Mitosis and Meiosis

David S. Buchanan

Oklahoma State University, Stillwater, Oklahoma, U.S.A.


Multicelled organisms are composed of millions or billions of cells. Although these cells perform numerous diverse functions, almost all of them contain the genetic information necessary for operation of the entire organism. This information is stored in deoxyribonucleic acid (DNA). The structure and organization of DNA were discovered only 50 years ago.[1]

Two unique processes must be present for these cells to contain the proper DNA. These processes are called mitosis and meiosis. Mitosis is ordinary cell division. Meiosis is the process by which sperm and egg cells are formed in a manner that allows them to join together to start a new life. Detailed descriptions of these can be found in any standard textbook on genetics.


DNA is organized into genes that reside on chromosomes. In animals, the chromosomes are linear DNA-protein complexes that reside in the nucleus of cells. Each species has a characteristic number of chromosomes (Table 1).[2]

Mitosis is the process by which one cell becomes two cells. Each life begins as a single cell and billions of mitoses enable the organism to grow and mature. New cells replace those that are no longer viable or are lost. Yet each of those cells, with only a few exceptions, contains the same genetic information. The process of mitosis allows this to happen properly.

Each cell goes through a process called the cell cycle. This cycle is roughly divided into four phases that total approximately 24 hours. One of those phases is mitosis, which takes approximately one hour. The other three phases presynthesis gap, synthesis of DNA, and postsyn-thesis gap compose interphase. The key event that occurs during interphase is the replication of DNA. During this time each chromosome is precisely duplicated.

The cell goes through a very precise four-step process during mitosis. These steps are called prophase, metaphase, anaphase, and telophase (Fig. 1). During prophase the chromosomes shorten and thicken, such that they become visible by examination under a microscope. Spindle fibers begin to form at the ends of the cell and they attach to the centromeres (point of junction between the two chromatids). The chromosomes are composed of two chromatids as they enter mitosis because they have undergone replication during interphase. During metaphase the chromosomes migrate to and line up along the central plane of the cell. Anaphase is characterized by the splitting of the centromeres and migration of the chromosomes toward the poles. This is accomplished with the assistance of the spindle fibers. The final phase is telophase, during which the cell will undergo cytokinesis (division of the cytoplasm or cell contents) to become two cells.

At this point there are two new cells where previously only one existed. The genetic material in the nucleus of the two new cells is identical. Furthermore, even if these are cells that have become specialized (muscle, nerve, skin, cardiac, etc.), each of these new cells contains all of the genetic material for the organism, not just the genetic material pertaining to the nature of the specialized cell.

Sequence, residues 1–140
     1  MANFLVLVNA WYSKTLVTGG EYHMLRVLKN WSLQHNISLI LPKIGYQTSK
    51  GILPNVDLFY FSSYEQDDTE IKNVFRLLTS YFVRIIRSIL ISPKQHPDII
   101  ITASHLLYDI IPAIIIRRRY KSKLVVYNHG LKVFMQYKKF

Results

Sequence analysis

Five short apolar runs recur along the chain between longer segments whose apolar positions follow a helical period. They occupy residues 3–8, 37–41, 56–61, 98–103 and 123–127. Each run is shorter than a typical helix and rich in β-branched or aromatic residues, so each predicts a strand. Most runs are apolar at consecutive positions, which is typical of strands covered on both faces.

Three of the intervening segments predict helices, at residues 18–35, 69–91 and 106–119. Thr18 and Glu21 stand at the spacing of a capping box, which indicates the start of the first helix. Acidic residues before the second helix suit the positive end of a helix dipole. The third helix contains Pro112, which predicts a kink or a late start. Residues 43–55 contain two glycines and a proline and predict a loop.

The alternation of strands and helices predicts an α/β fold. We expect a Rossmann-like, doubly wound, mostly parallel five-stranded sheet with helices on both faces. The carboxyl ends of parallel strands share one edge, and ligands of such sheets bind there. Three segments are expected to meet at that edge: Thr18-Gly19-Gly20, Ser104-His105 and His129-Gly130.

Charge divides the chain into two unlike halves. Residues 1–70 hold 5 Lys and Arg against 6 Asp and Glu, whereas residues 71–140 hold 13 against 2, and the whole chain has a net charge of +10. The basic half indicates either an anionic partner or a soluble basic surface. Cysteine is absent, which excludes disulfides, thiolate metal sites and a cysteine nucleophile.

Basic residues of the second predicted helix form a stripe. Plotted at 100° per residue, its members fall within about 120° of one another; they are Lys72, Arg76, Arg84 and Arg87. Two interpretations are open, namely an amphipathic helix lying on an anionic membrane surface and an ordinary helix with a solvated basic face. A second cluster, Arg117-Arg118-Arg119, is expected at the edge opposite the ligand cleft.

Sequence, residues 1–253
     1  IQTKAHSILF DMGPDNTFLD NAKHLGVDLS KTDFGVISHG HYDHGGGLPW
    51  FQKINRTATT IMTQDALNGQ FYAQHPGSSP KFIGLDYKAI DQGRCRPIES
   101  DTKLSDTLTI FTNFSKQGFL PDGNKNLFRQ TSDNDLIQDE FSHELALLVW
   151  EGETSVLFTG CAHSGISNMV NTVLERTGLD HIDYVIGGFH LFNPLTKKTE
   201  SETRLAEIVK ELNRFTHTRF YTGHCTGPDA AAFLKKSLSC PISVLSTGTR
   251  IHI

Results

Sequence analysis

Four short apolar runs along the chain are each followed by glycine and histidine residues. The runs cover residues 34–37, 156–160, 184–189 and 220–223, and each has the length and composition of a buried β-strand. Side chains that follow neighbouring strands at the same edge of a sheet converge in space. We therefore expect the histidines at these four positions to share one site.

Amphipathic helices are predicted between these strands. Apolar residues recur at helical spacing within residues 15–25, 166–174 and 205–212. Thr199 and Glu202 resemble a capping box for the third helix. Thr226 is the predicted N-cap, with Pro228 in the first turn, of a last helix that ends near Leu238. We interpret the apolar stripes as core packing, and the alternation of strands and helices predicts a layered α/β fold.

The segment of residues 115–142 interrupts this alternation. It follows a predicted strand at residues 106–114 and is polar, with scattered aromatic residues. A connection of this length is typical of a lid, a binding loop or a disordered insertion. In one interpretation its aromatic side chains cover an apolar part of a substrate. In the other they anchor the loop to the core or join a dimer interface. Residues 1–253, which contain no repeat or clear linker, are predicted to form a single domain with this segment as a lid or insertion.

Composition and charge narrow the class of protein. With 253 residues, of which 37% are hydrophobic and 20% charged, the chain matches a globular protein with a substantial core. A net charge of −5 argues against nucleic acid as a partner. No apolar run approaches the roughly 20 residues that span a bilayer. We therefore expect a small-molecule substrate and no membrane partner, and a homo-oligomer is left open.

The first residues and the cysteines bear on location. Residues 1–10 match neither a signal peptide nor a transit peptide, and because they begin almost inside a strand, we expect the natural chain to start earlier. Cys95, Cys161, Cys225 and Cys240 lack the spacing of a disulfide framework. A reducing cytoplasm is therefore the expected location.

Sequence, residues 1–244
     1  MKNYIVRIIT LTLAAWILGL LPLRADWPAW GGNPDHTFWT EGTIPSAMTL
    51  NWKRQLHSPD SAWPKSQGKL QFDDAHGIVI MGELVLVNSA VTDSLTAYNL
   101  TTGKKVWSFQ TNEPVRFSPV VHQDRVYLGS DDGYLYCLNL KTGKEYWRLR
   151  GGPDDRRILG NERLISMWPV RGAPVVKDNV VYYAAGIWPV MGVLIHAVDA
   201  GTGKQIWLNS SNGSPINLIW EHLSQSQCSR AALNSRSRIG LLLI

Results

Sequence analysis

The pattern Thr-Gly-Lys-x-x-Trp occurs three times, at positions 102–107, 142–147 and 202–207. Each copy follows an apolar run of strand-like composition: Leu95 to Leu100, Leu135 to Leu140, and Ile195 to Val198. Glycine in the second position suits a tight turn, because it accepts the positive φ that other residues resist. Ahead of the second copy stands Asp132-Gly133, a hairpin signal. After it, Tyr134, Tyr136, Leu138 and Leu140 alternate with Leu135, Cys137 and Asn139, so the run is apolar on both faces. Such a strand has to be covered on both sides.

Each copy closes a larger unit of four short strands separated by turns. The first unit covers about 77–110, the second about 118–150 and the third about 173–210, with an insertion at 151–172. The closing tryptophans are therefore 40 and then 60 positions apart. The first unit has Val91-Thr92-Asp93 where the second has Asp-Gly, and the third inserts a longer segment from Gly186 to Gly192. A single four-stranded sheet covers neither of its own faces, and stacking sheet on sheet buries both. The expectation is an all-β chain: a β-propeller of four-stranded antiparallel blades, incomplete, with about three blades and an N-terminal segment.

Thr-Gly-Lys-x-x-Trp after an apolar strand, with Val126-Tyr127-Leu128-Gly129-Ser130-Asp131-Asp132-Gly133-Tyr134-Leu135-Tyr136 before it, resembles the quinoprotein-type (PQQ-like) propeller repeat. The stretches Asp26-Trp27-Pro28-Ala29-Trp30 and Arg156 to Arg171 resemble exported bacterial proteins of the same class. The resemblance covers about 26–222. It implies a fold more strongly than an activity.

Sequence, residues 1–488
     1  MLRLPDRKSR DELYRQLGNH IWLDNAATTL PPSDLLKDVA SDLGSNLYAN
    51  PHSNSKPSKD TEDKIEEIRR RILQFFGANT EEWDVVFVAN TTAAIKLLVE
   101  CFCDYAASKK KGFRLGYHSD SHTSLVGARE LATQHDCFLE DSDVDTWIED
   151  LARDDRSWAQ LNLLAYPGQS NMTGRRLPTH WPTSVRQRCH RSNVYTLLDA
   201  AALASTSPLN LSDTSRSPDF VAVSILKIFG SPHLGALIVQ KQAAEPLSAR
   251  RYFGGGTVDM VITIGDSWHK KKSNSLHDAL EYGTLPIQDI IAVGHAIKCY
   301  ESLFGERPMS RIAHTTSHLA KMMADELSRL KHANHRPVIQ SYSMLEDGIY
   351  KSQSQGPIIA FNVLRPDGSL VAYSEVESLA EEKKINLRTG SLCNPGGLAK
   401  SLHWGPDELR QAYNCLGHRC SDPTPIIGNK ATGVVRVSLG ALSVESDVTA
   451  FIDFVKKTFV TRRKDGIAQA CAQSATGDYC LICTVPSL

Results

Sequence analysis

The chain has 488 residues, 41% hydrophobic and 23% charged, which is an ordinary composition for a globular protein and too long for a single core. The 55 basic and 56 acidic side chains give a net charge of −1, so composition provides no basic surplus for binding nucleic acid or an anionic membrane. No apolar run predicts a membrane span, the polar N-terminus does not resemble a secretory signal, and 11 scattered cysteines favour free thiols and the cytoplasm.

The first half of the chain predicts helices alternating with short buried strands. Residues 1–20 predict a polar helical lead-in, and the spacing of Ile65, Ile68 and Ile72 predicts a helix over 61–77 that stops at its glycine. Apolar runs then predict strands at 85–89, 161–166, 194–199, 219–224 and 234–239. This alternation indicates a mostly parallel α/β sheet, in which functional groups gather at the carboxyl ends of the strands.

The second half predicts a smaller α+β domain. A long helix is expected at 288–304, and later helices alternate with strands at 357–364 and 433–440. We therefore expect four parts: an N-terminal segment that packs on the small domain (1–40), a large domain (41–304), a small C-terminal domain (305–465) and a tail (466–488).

In organisms that reproduce sexually, there must be a mechanism by which cells are formed that can combine to form a new member of the species. These specialized cells are called gametes. In animals, the male gamete is called the sperm and the female gamete is called the egg. Such cells must contain one member of each pair of chromosomes so that, when combined with the cell from the other parent, they will form a zygote (fertilized egg), which is the first cell of the new organism. The mechanism by which such cells are formed is called meiosis.

In animals, meiosis occurs only in those cells that are designed to produce the sperm or egg cells. Such cells exist in the testes in the male and in the ovaries of the female. These cells undergo normal mitoses until they are prepared to start a process during which they will reduce the number of chromosomes by half and produce gametes.

Meiosis involves two successive cell divisions (Fig. 2). Each division includes a prophase, metaphase, anaphase, and telophase. There is no interphase between the two divisions. Prophase I is divided into several specific

Table 1 Chromosome numbers of selected species


Chromosome number (2N)























Fruit fly




phases: leptotene (thin thread), during which the chromosomes start to condense; zygotene (paired thread), when the homologous chromosomes (members of the same pair) pair together (synapsis); and pachytene (thick thread), in which the homologous pairs form tetrads (each pair of chromosomes is composed of four chromatids). The genetic diversity-increasing process of crossing over (sharing of genetic material between homologous chromosomes) begins during pachytene. Finally, diplotene (double thread) is characterized by more condensation of the chromosomes and clearly distinguished chiasma (points of crossing over). Prophase I is completed when the homologous chromosomes begin to pull apart, except at the points of chiasma in a process called diakinesis. Metaphase I is characterized by the homologous pairs of chromosomes lining up along the central plane. During anaphase I the homologous chromosomes separate, but the chromatids stay together and during telophase I the